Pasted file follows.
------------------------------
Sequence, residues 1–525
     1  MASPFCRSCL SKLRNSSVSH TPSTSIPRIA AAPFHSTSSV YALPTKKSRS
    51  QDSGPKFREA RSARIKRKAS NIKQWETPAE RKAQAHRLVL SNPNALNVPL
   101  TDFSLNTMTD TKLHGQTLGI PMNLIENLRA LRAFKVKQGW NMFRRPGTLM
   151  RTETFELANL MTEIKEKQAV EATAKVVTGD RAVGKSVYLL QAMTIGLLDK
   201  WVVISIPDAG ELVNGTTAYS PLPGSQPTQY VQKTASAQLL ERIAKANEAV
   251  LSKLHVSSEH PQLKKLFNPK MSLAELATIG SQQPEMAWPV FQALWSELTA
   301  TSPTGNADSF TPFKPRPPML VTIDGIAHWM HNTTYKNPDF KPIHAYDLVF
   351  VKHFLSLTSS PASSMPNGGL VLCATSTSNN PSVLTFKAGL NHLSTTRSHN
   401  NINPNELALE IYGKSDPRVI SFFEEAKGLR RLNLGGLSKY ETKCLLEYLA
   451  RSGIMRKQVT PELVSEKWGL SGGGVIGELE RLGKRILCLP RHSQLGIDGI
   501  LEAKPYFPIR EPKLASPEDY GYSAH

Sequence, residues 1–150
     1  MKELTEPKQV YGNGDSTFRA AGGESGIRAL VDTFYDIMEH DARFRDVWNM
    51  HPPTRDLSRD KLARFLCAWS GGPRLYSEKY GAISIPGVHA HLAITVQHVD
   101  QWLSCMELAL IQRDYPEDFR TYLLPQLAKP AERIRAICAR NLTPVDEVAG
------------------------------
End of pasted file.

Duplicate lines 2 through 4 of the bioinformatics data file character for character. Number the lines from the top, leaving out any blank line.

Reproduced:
     1  MASPFCRSCL SKLRNSSVSH TPSTSIPRIA AAPFHSTSSV YALPTKKSRS
    51  QDSGPKFREA RSARIKRKAS NIKQWETPAE RKAQAHRLVL SNPNALNVPL
   101  TDFSLNTMTD TKLHGQTLGI PMNLIENLRA LRAFKVKQGW NMFRRPGTLM